I will say this, if China does truly allow its private firms to flourish, they will provide more competition than many foreign firms are prepared to deal with. In that sense, China's central government is the best ally foreign firms have: they keep China's private sector from achieving its competitive potential.

  2. G.E. Anderson,

    Hi, my problem with the idea that China's relinquishing of its SOEs would be tantamount to giving up political power is that if we accept the notion, then the last 20 years of China's economic reforms are difficult to understand. Look at the share of GDP, industrial assets, etc., that are state-owned. Monotonic fall since the mid-1990s, with a small blip from 2008-2010.

    Or just look at the auto sector. If the regime thought that its rule was dependent upon retaining complete control over its SOEs, why would it invite foreign firms to co-dominate the sector, and then allow private entrants (Chery, BYD, others). Also, why wouldn't SOEs have the power to block private investment into new and promising areas?

    Honestly, I can't square the evidence with the argument, perhaps I'm missing something.

    1. These are great questions, and the short answer is that my book presents the evidence, but it took me nearly 300 pages to lay it out. :)

      Still, I'll try to address some of your concerns here. First of all, yes, the private share of GDP has increased over the years. Most of this came under Zhu Rongji in the late '90s when over 40 million SOE jobs were lost, but were quickly absorbed by the private sector within a few years. The strategy for privatization since the mid-'90s was “抓大,仿效,” or “grasp the large, release the small,” and what that meant was they would privatize the small and less important firms, but keep the larger, more strategic firms.

      Since that time the central government has maintained a sort of hierarchy of industry. At the top are what they call “pillar” industries of which the government intends to maintain control indefinitely. These include aerospace, telecoms, military, power generation and transmission, energy, steel and transportation, among others. Private investment has indeed been allowed to enter some of these sectors, but in none of these has private investment been allowed to become anything close to dominant. The playing field remains tilted against them.

      Specific to your questions about the auto industry, you may want to read my book. (You would be surprised just how little money I make from book sales – less than $2 a copy – so I feel no guilt at all plugging my book. To me, it's more about getting the story out there.) The story you will see is that the private firms were supported initially by local governments, essentially under the radar, and only later presented the central government with faits accompli.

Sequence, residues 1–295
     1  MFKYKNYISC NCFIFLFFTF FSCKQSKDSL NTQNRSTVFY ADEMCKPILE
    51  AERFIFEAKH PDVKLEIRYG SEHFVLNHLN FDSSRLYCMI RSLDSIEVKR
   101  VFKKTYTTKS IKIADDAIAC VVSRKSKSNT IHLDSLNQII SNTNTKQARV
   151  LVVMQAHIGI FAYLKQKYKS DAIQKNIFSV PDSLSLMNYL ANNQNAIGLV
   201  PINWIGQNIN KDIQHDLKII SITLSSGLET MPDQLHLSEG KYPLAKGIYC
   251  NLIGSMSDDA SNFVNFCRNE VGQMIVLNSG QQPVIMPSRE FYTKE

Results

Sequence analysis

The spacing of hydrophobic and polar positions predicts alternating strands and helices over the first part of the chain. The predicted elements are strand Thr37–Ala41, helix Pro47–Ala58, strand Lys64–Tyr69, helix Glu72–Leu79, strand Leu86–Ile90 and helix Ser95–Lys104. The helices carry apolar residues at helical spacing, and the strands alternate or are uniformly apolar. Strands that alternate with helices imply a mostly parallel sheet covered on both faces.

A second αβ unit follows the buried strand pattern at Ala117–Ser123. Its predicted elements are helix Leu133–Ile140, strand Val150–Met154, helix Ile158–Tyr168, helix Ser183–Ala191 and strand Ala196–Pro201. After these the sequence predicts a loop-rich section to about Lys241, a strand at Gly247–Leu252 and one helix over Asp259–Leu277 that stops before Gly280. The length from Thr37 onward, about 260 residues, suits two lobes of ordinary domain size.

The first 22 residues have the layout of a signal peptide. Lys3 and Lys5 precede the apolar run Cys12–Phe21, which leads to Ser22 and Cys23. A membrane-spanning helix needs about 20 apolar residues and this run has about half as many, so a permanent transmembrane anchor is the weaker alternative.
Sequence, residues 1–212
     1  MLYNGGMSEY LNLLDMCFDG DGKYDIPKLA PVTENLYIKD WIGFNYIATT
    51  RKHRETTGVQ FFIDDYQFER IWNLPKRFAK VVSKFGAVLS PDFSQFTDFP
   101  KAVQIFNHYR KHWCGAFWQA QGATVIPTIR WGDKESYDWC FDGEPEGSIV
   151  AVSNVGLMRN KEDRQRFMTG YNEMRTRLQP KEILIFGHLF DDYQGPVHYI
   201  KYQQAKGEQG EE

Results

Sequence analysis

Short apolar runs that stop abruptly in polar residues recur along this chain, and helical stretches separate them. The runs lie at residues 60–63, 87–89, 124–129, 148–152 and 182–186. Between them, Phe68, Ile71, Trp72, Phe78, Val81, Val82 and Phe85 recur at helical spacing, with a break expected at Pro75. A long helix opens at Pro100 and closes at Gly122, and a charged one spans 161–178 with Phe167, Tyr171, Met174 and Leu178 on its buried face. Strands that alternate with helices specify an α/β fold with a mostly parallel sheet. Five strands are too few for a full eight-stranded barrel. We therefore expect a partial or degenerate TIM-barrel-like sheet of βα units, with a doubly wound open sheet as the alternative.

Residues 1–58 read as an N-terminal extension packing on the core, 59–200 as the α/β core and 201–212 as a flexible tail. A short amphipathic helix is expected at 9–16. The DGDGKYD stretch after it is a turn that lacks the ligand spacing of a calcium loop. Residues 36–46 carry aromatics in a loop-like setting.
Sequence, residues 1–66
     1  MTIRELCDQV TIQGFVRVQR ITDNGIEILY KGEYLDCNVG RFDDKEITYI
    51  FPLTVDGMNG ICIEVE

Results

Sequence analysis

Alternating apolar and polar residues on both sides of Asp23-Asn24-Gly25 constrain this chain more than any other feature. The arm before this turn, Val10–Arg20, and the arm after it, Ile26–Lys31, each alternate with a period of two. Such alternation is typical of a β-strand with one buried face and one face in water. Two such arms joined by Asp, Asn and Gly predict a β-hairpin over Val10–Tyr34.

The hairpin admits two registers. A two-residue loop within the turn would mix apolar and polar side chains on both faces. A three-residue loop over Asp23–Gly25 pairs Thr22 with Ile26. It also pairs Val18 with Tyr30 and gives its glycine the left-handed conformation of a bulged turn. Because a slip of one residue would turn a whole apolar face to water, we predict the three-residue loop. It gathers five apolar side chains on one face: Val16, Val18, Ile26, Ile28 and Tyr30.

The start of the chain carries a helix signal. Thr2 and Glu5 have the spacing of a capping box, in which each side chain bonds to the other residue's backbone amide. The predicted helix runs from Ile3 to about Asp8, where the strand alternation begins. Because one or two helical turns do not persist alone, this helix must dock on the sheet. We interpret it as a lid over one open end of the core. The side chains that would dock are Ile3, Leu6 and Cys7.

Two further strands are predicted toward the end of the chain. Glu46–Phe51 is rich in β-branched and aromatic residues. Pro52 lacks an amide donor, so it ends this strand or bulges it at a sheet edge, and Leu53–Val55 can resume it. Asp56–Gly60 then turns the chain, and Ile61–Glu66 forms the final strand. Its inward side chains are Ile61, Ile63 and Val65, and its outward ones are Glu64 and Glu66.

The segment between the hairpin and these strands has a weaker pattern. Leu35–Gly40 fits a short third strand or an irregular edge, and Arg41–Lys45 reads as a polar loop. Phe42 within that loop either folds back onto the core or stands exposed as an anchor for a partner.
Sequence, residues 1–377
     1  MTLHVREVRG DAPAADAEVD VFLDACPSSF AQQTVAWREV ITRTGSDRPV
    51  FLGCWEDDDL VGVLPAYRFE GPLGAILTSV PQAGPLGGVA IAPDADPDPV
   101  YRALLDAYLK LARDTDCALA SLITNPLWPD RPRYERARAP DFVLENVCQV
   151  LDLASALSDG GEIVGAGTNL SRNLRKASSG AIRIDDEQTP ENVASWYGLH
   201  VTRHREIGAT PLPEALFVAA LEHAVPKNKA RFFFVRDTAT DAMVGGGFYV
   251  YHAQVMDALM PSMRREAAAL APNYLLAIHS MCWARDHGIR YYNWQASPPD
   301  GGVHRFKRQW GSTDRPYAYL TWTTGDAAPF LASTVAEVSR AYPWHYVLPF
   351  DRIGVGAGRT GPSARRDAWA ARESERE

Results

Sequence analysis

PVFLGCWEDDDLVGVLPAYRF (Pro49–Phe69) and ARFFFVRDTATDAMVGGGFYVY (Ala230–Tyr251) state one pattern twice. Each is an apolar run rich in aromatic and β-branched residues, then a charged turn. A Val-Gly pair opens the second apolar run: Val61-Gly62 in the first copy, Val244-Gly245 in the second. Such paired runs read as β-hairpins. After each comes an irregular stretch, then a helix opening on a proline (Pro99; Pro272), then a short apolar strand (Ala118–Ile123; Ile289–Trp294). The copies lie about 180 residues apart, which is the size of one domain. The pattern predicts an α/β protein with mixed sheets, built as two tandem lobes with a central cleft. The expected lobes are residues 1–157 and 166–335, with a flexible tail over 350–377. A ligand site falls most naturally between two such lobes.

The central government, being unwilling to shut down a factory employing thousands of workers, would acquiesce, but has never fully supported the growth of these private firms by restricting their access to funding. The larger among the private firms have received token funding from banks, but nowhere near the level the SOEs receive, and part of the evidence of this is continued complaining by the CEOs of private firms about the lack of a level playing field and funding access. (And, by the way, Chery isn't privately owned. This is a common misconception. It is a local state-owned company.)

      Also I wouldn't characterize the foreign automakers as “co-dominating” with SOEs. The foreigners are just along for the ride. They were seen as a way for the SOEs to get up to speed quickly so they could dominate. Fast forward 30 years and the SOEs still haven't figured out how to build world-class cars. It's far too easy to sit back and build foreign branded cars. The foreign automakers would, of course, prefer not to be sharing their IP with SOEs, but they have no choice. China's rules say they can only come in as partners with a Chinese company, and they can't own more than 50% of the JV.

      As for SOEs having power to block private investment, they really have no say in what local governments do, and it is local governments who have had the most influence in whether an automaker gets established. BYD, Geely, and Great Wall, the case studies on each of these show how their establishment and continued success have been largely due to support from their local governments. Really, you would be surprised the lengths to which a local government would go to get an automaker set up in their regions. Whether state-owned or private, these are prestige projects that, if successful, can make a lot of money, and even if not successful, can still employ a lot of people.

      Thanks again for your questions. I hope this helps somewhat.